Economies of scale can be described as the phenomenon, where the more you produce (“scale”), the lower the average cost per product. For entrepreneurs, economies of scale are often crucial in their strategy. It forces them to grow faster than the competition, which is the reason why so many startups remain unprofitable for many years.
- When you produce a product or a service, you need to know what your costs are. Economies of scale can be described as the phenomenon where the more you produce (scale), the lower the average cost per product. To illustrate economies of scale, we can start with a print shop. I love this example because I worked in a print shop during the summer when I was a high school student. It allowed me to earn some money and to spend time experimenting with the posters for our discotheque.
The print shop had one of the first Apple Macintosh computers where you could change the fonts and rotate the words. They ran Aldus PageMaker on a 512k Mac with a nine-inch screen. I don't wanna sound nostalgic here, but these were the good days of desktop publishing. Every laser printout was a miracle. The print shop carried a fixed cost of 250,000 per year. The variable cost for each print job is 150 dollars.
Now, if the company would produce only one print job per year, it would cost 250,150 dollars, because it had to carry the full fixed cost. The average is much lower for the second job. It goes down to 125,150 dollars. At a scale of 500 jobs per year, the average cost comes down to 650 dollars. Each job covers 500 dollars of the fixed cost plus 150 dollars variable cost.
Here we show the relationship between total jobs per year and the average cost. Of course, this is not a very practical chart, because the print shop would be bankrupt with less than 100 jobs. So, here, we look at the average cost per job in the range of 100 to 660 jobs. In theory, this curve would go lower and lower and would approach the 150 dollars cost line, because these are the variable costs per job.
However, in practice, the print shop cannot increase the volume indefinitely. There is a point where it reaches full capacity. When I worked in the print shop, this point was typically reached when our boss would tell a client that his brochure is printed and ready to go while I was still cutting the paper to start the job. And my boss was a really good liar. Some of the stories he told the clients were nothing short of fantastic. Translated into our example, once we exceed 1000 jobs, we have to outsource the other jobs to third-party printers, which increases the variable costs from 150 dollars to 800 dollars.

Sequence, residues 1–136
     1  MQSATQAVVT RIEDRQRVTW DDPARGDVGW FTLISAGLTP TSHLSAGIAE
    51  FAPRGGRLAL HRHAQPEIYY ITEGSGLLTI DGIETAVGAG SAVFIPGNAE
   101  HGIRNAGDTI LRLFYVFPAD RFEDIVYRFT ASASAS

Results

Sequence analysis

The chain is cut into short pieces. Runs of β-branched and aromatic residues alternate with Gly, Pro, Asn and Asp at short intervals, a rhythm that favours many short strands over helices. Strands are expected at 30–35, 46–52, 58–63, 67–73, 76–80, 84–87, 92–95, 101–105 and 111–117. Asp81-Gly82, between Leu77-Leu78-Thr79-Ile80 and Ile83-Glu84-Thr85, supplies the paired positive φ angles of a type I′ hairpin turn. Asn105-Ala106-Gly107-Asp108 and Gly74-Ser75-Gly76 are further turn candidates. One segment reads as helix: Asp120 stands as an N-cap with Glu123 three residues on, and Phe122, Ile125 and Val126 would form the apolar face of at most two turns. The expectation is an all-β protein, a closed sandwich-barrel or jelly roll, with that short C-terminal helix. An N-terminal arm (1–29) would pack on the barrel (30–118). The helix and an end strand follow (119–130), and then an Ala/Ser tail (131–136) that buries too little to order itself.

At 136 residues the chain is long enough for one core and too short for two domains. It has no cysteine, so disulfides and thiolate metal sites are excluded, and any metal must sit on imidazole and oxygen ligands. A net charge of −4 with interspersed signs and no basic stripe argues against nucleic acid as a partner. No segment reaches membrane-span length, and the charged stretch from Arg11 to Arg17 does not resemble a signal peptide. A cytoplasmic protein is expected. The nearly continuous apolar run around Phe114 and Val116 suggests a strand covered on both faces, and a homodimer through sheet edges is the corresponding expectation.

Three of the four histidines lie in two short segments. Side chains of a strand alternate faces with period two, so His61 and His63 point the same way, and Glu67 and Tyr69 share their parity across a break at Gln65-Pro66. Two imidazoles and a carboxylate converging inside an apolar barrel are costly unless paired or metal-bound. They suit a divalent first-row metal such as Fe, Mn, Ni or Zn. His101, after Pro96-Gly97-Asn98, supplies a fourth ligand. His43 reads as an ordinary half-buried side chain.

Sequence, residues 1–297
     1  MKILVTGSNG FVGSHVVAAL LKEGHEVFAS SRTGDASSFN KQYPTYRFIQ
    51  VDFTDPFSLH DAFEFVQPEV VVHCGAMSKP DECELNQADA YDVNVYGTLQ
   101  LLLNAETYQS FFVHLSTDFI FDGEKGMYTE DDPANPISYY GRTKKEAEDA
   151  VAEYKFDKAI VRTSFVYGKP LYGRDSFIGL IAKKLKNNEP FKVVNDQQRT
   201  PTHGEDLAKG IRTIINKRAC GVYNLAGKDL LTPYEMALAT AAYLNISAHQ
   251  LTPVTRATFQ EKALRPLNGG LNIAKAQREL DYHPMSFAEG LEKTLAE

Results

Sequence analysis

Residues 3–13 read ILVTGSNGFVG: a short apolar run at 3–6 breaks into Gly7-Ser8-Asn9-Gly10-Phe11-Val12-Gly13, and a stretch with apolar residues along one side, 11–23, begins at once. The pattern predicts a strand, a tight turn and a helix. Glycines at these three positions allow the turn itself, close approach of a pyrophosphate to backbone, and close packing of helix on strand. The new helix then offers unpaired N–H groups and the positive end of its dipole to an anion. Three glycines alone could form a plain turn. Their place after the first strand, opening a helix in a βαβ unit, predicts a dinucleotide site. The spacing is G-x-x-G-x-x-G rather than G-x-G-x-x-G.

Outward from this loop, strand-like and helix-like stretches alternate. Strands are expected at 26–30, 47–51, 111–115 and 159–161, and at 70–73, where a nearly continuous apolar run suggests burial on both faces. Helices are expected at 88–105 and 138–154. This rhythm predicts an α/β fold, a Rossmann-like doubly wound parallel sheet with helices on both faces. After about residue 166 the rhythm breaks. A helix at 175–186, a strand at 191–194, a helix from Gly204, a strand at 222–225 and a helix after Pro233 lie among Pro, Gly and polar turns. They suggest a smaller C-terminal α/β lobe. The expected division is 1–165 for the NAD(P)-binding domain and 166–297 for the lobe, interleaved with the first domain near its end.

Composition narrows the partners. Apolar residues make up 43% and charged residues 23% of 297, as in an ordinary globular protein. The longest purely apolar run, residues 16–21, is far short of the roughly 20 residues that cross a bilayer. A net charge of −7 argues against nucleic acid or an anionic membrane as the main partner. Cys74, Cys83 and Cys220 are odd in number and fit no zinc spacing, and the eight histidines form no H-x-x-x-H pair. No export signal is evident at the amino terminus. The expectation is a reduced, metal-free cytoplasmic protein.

If we look at the chart, we see that the average costs start to increase. Therefore, we call this effect diseconomies of scale. Economies of scale are important, because it creates a competitive advantage for the firms who can produce at low cost. This does not always mean that bigger is better, since diseconomies of scale may kick in at a certain volume. Examples for economies of scales are everywhere. If you observe the financial industries, you will notice that smaller banks disappear and are taken over by larger banks.
The reason for this is, to some extent, the extremely high fixed cost to run a bank in a very regulated environment. The same can be said for pharmaceutical firms. It is very expensive to produce pharmaceutical products. So, that's why a few players dominate the industry. However, those giants are often not that agile when it comes to innovation in life science and biotech. Because they are aware of the diseconomies of scale in research, they often buy smaller companies for their research and do not integrate them in their organization.
Economies of scale are also important for small business owner and entrepreneurs. Small business owners, for example, desktop publishers, designers, photographers, or marketing consultants may decide to share their office to use economies of scale of some common services. It just makes a lot of sense to share the IT infrastructure, the receptionist, the office kitchen, and accounting. For entrepreneurs, economies of scale are often crucial in their strategy.
It forces them to grow faster than the competition, which is the reason why so many start-ups remain unprofitable for many years. They know that economies of scale will finally pay out and need investors to finance their growth. So, as I'm sure you can see, the takeaway of this video is that you need to understand how your cost structure changes depending on the volume you produce. And you need to consider economies of scale in your strategic decisions.
- What are customers buying? (demand theory)
- What should we produce? (production theory)
- Which costs do I need to worry about now? (cost theory)
- What market am I in? (competition theory)
- What should we charge for it? (pricing theory)
To understand what managerial economics looks like in practice, Stefan explains how Google's auction-based advertising system employs the principles of game theory and how understanding this can help decision makers to outmaneuver their competitors.
- Using economics to solve business problems
- Understanding price elasticity
- Demand curve shifts
- Economics of scale vs. scope
- Break-even and what-if analysis
- Profit maximization
- Economics in action